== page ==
SMPA task force looks to cut EMDA major

A School of Media and Public Affairs report released last week recommended phasing out the electronic media major and offering only two majors – either political communication or journalism and mass media with various concentrations.

An implementation committee, consisting of nine faculty members and professionals, will consider whether to use suggestions made by a task force studying the school since first semester. Officials said they do not know when the implementation committee will begin meeting, but it is set to make decisions by Sept. 10.

“I think its going to become an even more competitive environment for admission,” said Donald Lehman, executive vice president for Academic Affairs. “I never really thought we should be a traditional journalism school. We need to be different, we need to be better, and we need to have a focus.”

If the committee implements the task force’s suggestions, the political communication program would remain similar to its current form, but the journalism program would expand to let students choose from concentrations. The current journalism major is print-focused.

“The goal is to focus the school on an area of excellence where it can really achieve a national ranking,” said Al May, interim director of SMPA.

In their report, task force members said the electronic media program does not fit in with the rest of the SMPA curriculum. Electronic media students currently do hands-on production work and take media history and theory courses.

“We doubt that the offering of an undergraduate major that is so heavily centered on production skills per se represents either a mission-compatible dimension of SMPA teaching or a best use of the available facilities,” the report stated.

However, several electronic media students said they are unhappy about a possible cut.

“I don’t think that anyone who wants to do anything non-news-related will be interested in going to SMPA,” said senior Chelsea Higgins, an electronic media major. “All they teach the majors is how to work at CNN, and I don’t know anyone in my major right now who is interested in that.”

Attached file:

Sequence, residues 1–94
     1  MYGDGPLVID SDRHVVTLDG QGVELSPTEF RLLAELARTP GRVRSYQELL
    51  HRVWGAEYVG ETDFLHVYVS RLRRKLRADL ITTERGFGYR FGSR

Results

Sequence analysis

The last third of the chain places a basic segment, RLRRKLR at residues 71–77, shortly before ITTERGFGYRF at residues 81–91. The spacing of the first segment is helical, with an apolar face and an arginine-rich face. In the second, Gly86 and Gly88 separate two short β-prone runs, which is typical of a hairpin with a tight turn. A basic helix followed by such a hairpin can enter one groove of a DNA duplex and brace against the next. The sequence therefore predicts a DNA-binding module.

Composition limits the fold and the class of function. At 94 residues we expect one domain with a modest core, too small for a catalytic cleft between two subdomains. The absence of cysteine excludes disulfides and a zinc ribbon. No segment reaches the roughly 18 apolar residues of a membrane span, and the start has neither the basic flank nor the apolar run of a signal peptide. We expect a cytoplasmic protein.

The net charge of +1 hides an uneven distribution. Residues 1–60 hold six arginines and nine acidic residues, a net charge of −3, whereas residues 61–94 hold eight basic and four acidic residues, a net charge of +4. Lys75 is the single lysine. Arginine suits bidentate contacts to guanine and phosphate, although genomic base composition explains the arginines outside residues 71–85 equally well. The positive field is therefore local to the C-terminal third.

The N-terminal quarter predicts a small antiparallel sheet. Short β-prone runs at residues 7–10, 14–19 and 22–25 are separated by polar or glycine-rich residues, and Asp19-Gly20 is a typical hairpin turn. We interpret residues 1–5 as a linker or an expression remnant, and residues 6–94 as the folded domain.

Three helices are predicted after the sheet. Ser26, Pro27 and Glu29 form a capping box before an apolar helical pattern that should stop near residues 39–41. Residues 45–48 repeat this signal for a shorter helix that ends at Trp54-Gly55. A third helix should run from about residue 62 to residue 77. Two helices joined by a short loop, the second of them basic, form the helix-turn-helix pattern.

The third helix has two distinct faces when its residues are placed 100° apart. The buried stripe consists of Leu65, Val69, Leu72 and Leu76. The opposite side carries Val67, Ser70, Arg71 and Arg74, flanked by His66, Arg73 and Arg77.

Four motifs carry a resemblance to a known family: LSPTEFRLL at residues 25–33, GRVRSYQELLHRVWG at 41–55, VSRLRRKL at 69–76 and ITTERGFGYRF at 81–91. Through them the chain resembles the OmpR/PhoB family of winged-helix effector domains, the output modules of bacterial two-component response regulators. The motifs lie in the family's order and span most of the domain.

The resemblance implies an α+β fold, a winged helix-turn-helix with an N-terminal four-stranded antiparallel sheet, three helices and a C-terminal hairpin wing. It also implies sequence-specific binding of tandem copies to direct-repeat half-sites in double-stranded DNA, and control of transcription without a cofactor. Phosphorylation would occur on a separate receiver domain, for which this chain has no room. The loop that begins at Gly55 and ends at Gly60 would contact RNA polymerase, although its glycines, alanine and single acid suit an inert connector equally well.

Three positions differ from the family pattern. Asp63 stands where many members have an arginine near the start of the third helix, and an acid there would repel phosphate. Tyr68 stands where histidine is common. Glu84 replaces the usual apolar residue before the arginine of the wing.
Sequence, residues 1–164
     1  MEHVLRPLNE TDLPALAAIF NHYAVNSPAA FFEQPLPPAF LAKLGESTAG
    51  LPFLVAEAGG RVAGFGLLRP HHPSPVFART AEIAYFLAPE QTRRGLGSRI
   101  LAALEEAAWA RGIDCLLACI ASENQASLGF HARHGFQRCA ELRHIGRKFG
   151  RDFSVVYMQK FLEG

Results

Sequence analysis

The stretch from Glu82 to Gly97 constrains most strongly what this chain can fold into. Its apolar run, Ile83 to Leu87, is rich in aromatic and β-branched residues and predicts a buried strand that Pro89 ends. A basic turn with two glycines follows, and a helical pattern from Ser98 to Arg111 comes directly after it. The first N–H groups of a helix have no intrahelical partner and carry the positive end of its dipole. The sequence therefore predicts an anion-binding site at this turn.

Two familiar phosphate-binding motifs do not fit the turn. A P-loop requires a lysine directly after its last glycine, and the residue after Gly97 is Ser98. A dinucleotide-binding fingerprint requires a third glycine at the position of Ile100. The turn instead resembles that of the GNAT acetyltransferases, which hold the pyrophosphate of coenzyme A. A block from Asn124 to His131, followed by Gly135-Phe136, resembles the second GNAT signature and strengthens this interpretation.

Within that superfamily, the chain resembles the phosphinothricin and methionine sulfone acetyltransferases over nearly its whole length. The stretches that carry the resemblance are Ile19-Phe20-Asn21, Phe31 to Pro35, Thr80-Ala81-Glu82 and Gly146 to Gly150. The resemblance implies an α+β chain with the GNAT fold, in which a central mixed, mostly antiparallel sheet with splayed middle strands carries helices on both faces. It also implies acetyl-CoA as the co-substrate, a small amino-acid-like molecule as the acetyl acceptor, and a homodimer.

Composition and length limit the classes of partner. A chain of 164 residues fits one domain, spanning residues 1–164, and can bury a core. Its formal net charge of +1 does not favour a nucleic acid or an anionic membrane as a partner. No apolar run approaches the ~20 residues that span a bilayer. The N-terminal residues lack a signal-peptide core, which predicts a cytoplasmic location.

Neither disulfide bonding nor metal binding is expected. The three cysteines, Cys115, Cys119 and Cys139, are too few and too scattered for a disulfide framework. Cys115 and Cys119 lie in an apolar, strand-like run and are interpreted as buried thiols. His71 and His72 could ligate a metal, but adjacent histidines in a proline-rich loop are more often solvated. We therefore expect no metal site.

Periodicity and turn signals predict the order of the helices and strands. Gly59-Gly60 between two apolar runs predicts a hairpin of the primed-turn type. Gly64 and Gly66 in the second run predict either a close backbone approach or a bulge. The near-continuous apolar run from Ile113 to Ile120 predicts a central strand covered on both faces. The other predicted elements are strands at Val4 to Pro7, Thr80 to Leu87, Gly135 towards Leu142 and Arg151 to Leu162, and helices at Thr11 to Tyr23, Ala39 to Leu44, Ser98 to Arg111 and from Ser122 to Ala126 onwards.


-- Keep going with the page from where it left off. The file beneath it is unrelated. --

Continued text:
Officials said current majors will be unaffected by curriculum changes. Students can also apply to electronic media for next semester.

The report emphasized the integration of more theory and practice into the curriculum. Along with taking theory classes, the task force recommended students gain wider practical skills because the “digital revolution is redefining the nature of news and information.”

The report also stated that much of the school’s high-tech equipment goes unused because many people do not know how to use it.

“Our facilities are as good as network bureaus that I’ve worked in,” said Mark Feldstein, an associate professor of Media and Public Affairs and a member of the implementation committee.

He added that knowing how to work with digital media is important because “that’s where a lot of jobs are and that’s where a lot of interest is for students.”

Feldstein said he hopes to “beef up broadcast journalism.”

But journalism professor Bob Davis said he hopes the committee “would protect some of the basics of print journalism.”

“Right now there is solid print journalism instruction and I consider that to be the bedrock of the program,” he said.

The new curriculum would also include core classes for students to take prior to beginning the degree to provide a “broader intellectual background” in journalism.

Political Communication professor Jason Friedrich said he is optimistic that changes to SMPA will make the school more prominent while strengthening the political communication program.

May said the implementation committee will decide on further curricular details, as well as a timeline for carrying out recommendations. He said the transition will be smooth and no faculty members will lose their jobs. The implementation committee will also determine when to elect a new interim director for SMPA.

The Student Association is forming a Student Review Group on SMPA reorganization, made up of current SMPA students. Aaron Connelly, SA vice president for Academic Affairs, said the SA “offered to provide an observer,” but the implementation committee chair declined.

This SA committee will submit its report to SA President Kris Hart and Connelly by May 1.

-Caitlin Carroll contributed to this report.

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